Saturday, October 6th, was World Cerebral Palsy Day. It allowed me to pause and think about what having cerebral palsy means to me. Attempting to answer this question in one single blog post seems impossible and insanely daunting, but I’m going to at the very least, launch the conversation.
I found out about my diagnosis accidentally, when I was eight years old. I noticed that after every physical therapy appointment, my therapist would circle the phrase “cerebral palsy” on my check out sheet. I asked her, “Is that what I have?” and she said yes.
In retrospect, I don’t think I was fully equipped to process that information and what it truly meant, being a child. Still, I always suspected that I wasn’t like every other kid around me. Every other kid didn’t have to go to physical therapy, have major orthopedic surgeries, have a hard time running in gym class, or have to use a walker, stroller, or later, crutches.
I suppose my innocence at the time allowed me to hold onto my confidence, and I was able to thrive even after I found out about the CP. I eventually owned my story, and possessed authority over it. I distinctly remember sitting my friends in a circle and telling them the circumstances of my birth in the only way I understood it–”I was born early…”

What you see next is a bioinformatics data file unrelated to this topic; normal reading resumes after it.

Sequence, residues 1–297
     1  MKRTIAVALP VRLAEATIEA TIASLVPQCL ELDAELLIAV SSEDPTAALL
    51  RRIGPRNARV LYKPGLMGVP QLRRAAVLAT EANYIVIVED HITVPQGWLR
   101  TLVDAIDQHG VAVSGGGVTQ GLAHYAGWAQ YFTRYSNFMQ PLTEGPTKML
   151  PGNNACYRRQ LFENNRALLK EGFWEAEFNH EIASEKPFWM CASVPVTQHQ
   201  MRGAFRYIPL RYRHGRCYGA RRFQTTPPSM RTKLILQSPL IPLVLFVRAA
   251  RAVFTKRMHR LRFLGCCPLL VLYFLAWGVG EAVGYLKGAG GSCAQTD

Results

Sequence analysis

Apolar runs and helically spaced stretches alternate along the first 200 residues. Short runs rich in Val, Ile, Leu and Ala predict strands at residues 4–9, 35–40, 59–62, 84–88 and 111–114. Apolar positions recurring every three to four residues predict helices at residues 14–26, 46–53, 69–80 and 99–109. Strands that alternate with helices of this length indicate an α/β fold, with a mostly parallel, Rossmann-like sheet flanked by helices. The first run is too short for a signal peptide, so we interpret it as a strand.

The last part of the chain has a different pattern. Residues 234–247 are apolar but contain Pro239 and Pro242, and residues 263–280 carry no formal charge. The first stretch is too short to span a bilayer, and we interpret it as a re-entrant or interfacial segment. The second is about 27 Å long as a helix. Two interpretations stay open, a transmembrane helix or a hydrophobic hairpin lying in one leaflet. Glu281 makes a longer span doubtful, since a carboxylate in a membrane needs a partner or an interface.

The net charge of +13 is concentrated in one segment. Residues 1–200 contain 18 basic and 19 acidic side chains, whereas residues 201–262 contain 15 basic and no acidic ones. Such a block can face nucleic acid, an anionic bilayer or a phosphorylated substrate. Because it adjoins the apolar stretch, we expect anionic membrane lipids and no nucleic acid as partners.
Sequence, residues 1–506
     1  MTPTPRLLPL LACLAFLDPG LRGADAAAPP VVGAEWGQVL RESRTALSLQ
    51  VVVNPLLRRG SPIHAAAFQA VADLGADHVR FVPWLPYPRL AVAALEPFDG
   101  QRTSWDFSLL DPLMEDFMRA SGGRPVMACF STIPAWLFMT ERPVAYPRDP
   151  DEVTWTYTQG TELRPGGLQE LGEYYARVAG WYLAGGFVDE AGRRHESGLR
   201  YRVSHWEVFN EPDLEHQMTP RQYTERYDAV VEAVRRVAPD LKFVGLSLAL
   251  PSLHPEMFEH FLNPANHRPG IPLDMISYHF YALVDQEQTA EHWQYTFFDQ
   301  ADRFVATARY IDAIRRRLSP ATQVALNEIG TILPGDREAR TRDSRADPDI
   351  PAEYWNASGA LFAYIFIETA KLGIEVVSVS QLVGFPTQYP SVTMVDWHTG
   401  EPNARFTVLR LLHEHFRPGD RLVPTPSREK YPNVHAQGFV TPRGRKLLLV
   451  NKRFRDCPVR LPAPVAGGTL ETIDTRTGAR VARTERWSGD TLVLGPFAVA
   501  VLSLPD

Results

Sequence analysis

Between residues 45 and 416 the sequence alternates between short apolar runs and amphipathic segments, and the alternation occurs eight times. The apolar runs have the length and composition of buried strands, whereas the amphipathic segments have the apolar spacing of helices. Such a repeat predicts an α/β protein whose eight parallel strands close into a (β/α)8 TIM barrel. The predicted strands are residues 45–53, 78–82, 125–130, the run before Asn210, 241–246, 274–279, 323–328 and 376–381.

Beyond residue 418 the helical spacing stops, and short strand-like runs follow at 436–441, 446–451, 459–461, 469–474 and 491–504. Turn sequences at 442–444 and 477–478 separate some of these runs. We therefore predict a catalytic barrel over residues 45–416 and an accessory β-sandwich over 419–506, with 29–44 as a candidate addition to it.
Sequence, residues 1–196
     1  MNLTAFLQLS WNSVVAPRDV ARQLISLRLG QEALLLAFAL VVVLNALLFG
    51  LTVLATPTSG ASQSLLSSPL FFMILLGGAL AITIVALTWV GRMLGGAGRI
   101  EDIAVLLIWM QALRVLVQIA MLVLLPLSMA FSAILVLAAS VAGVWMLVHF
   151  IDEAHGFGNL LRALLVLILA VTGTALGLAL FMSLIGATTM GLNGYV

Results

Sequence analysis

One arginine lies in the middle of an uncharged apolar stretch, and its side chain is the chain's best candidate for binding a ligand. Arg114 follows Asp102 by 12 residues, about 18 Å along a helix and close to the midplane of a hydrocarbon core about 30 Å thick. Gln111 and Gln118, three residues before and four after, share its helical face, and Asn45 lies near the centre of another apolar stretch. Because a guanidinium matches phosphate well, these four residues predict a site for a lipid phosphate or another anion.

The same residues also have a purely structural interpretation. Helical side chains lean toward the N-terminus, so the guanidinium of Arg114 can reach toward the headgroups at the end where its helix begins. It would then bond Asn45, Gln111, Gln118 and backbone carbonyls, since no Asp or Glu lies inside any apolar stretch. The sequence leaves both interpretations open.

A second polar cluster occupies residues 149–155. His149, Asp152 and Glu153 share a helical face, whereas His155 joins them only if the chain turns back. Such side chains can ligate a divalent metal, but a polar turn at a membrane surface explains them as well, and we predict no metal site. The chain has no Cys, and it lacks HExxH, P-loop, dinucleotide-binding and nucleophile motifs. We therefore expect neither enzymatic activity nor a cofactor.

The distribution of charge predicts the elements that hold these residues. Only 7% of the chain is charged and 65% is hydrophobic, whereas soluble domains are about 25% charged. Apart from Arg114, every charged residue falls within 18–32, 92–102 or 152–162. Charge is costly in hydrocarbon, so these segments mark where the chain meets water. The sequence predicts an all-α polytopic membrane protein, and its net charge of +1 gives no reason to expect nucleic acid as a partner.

Naturally, when I started my teenage years, thus entering puberty and becoming extremely self conscious about my body and body image, my perception of my disability and how I chose to deal with it began to shift. I started to care more. In school, I hated gym class and found it pointless; I grew extremely embarrassed when I lost my balance and fell instead of trying to joke about it; I started to resist physical therapy instead of embracing it….the list went on and on.
Suddenly having cerebral palsy became something to mourn, something to feel bad about, a rock in my pocket that I felt anywhere I went. I was an impressionable teenager, trying to figure myself out and where my disability fit into the picture. It wasn’t until I solidified what type of person I wanted to be that CP began to truly fit into my life. I then acknowledged that being disabled was a reality I could not escape, no matter how many times I tried to and failed.
Beyond accepting this reality, it took a tremendous amount of work and self reflection for me to realize that cerebral palsy is only a small part of my story; that it makes me tough, resilient and brave, certainly worth loving, and has turned me into someone I am proud of.